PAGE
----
Text: Isaiah 40:1-11, Mark 1:1-8
My childhood was spent in what would be considered a fairly normal, Christian, white, suburban family. In one moment my two sisters and I “dressed up” in old clothing to play “teacher” or “house” and in the next moment we would fight viciously over who had to sit in the middle seat of the car. Mother and Father cared for us rabble-rousing siblings in the best way they knew.
It is plausible (and, I admit) that my sisters convinced me to wear a dress or two but rarely did I lose the battle of the middle seat.
As normal and Christian as my family was/is my sisters and I did not grow up in a household or church tradition that celebrated the season of Advent. In the Christian tradition this time of reflection, from the Latin Adventus meaning “coming,” enables us as a people, a community gathered to pause, to in-hale, and ponder the coming of a child born in the filth of a stable. I am still learning to pause, to wait, and absorb the mystery of what is to come despite the various “middle seat of the car” battles that I continue in my young adult life.
In the last couple years I have begun to reclaim this Advent tradition if for no other reason than to ponder the extraordinary that “comes” from the ordinary, the sacred that “comes” from the profane, the redeemed that “comes” from the irredeemable.
And out of the desolate, profane, wilderness we await for that which will “come.” The prophet Isaiah foretold of a messenger who was to prepare the way--the voice of one crying out in the wilderness--a great redeemer. And John the Baptizer, eating locusts and honey, wearing nothing but camel’s hair and a leather belt around his waist proclaimed the coming of a Messiah who will baptize with the Holy Spirit. In the wilderness space we simultaneously wait, amidst our despair, but we also prepare the way through the proclamation of our words and actions.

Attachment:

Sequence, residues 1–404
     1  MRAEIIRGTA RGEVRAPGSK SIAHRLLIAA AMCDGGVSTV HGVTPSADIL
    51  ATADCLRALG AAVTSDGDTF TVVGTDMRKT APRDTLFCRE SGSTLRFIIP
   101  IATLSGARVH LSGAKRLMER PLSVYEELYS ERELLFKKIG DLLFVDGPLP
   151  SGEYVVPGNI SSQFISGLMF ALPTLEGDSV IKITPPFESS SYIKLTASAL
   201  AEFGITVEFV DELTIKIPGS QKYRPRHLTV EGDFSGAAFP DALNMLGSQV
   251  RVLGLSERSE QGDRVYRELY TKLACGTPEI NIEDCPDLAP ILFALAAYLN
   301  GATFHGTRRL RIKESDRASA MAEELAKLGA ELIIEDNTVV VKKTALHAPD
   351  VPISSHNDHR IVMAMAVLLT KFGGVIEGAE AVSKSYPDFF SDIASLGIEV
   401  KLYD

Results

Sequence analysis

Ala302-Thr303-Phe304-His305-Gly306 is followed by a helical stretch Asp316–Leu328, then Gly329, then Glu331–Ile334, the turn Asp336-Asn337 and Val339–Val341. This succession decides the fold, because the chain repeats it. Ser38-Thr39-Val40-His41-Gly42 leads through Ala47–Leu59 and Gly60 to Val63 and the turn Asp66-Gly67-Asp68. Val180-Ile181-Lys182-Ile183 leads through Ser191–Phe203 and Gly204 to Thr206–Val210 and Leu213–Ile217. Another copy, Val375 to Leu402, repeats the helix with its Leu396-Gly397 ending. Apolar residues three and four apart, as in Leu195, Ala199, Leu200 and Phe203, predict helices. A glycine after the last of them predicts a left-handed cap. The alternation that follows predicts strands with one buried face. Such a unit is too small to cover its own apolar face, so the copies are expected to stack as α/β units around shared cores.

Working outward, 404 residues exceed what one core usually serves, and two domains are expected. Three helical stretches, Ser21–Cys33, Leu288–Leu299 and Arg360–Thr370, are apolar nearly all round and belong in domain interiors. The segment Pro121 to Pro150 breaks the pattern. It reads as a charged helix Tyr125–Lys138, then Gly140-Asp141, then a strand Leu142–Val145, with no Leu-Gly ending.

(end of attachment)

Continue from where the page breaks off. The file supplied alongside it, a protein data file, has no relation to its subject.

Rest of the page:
What is it about the wilderness that elicits our earnest waiting for the coming of the Christos? Is it that we thirst, we hunger, we cry out in desolation...and in our despair the wait for the coming of the incarnation seems worthwhile, hopeful even.
Ah, but how long must we wait? Each year on December 1, amidst Advent, the global community commemorates World AIDS Day. On this day we acknowledge the physical violence committed against, the verbal abuse performed against, the spiritual hostility perpetrated against those a/effected with HIV/AIDS in order that the love of God unfold in the present tense. We can wait only so long.
To know and be known,
listened to and heard;
you speak softly but stand so proud.
Our finitude, that dark illumined glow, is our mystery,
AIDS has a story, a face like yours, mine, ours.
It cries each night, dies each night,
wakes, grasps daylight—hope.
We are naked, each, viscerally so,
standing circled hand in hand.
we are limitless,
in our togetherness.
Facing, boldly, outward to the world;
orphaned, abandoned, crucified
Perhaps our pause, our waiting for that which is to come, in the time of Advent is intended to enable us to recognize the injustice and the work to be completed in our communities. The Advent season forces us to pause, contemplate, act in preparation--like John the Baptizer who proclaimed that the One more powerful than us is coming--to unite in solidarity with those living with or who have died from HIV/AIDS.
Indeed, we are in a season of waiting for the coming of the Messiah. In our vulnerable humanness we pause and reflect. Still, we simultaneously await the coming of justice as we enact justice and boldly proclaim the coming of the One who first loved the world.
In what ways have you, your family, friends, or other loved ones been a/effected by HIV/AIDS?
How has the season of Advent allowed you to pause, wait, and notice the world around you?
Commit to teaching yourself about HIV/AIDS and its impact in your community
Commit to educating your community about HIV/AIDS
For information on World AIDS Day
For information on the work that the United Methodist Church has committed to regarding HIV/AIDS
God, in whom we have faith, hope, and love, in this season of Advent remind us that we stand together as vulnerable creatures. Open our hearts and minds and especially our doors so that we might reach across the expanse of dis/ease and difference to be a people of grace and justice. We wait, awakened. We wait, awakened to act. We wait, awakened for the Adventus.
Joshua Clough is a 3rd Year Master of Divinity student in The Theological School at Drew University. A native of the Seattle area and graduate of Willamette University he enjoys running, the “great outdoors,” poetry, and writing.